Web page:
When Do Babies Outgrow Swings? How to Make Transition Smooth and Easy

When do babies outgrow swings

Do you remember that precious moment when you first put your baby in a swing and watched him laugh with happiness?
Yeah, I can relate; that was a wonderful feeling.

But time passes quickly, and all of a sudden, you are feeling that now your baby seems big for his swing, and you want to know, “when do babies outgrow swings”?
If that is the case, you’ve landed on the perfect page.

We’ll not only get the answer to this question, “when do babies outgrow swings?” but also talk about tips on how your baby can quickly move on from his swing.

We’ll also share the weight limits and age limits of some famous swing models, which will help you determine if your baby can still use the swing or not.
If that sounds worth your time, close all other tabs, and let’s go with me for a little while.

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When do babies outgrow swings?

Swings can provide a safe and comfortable place for babies to relax or play.
However, as babies grow and when outgrow their swings, the swings become less effective and even unsafe for babies.
Let’s look at some factors that help us determine when babies outgrow their swings.

Weight Limit

If you are determining when to stop using baby swing, one of the most crucial factors is the “Weight Limit” of your baby swing.
Most baby swings have a weight limit ranging from 20 to 30 pounds, although this can vary depending on the model.

You can check your swing’s weight limit on its manual.
If you have lost your swing’s manual, you can check the weight limit on the manufacturer’s website.

Just write the name of your swing model on website’s search bar, and it’ll give you all the information about your swing.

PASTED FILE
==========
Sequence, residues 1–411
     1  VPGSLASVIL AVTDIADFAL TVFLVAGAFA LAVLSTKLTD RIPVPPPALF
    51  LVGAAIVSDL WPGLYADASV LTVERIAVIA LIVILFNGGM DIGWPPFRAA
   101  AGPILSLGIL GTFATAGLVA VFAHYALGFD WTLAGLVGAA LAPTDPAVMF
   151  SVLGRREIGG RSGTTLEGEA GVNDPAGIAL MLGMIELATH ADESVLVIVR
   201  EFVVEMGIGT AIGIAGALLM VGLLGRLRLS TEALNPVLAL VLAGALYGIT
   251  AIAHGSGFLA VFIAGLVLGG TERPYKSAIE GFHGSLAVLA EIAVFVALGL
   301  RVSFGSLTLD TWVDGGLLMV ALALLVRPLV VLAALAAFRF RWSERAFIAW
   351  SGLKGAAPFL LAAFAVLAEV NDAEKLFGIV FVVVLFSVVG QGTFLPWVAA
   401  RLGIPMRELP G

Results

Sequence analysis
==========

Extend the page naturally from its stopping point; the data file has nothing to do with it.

If your baby exceeds the weight limit, don’t use your baby swing, as it can lead to a severe accident that may hurt your baby badly.

Age Limit

Another factor to consider is “Baby’s Age” while you are finding out how long do babies use swings.
While age alone isn’t a conclusive factor, it can provide some guidance on when to start transitioning your baby out of the swing.

Babies generally outgrow swings when they’re about 9 to 12 months old.

Some babies may outgrow swings earlier or later than this age limit because every baby is different and achieves developmental milestones at their own pace and age.

Developmental Milestones

And the last factor you can consider is “Developmental Milestones” when trying to find the answer to when do babies outgrow swings.

If your baby has started sitting up unassisted, rolling over, and started crawling, it’s time to stop using the baby swing.
Because older babies may develop the strength and mobility to climb out of the swing, posing a safety risk.

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Weight limits and age limits for different swings